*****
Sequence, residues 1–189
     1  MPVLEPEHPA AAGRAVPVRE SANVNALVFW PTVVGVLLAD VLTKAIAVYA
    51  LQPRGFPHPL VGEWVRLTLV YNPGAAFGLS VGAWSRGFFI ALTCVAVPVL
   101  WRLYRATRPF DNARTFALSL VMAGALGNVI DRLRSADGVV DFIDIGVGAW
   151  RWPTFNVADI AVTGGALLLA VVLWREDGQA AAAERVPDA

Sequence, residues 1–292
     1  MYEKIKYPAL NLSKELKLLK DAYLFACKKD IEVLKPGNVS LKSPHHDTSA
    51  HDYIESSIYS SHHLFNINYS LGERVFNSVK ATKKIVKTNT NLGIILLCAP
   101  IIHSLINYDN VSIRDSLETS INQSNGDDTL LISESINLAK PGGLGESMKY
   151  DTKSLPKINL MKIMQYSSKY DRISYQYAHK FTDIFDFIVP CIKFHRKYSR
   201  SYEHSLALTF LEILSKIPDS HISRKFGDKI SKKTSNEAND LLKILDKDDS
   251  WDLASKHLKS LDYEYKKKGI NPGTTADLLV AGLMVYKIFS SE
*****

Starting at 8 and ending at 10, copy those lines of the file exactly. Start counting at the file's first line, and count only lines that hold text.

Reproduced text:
    51  HDYIESSIYS SHHLFNINYS LGERVFNSVK ATKKIVKTNT NLGIILLCAP
   101  IIHSLINYDN VSIRDSLETS INQSNGDDTL LISESINLAK PGGLGESMKY
   151  DTKSLPKINL MKIMQYSSKY DRISYQYAHK FTDIFDFIVP CIKFHRKYSR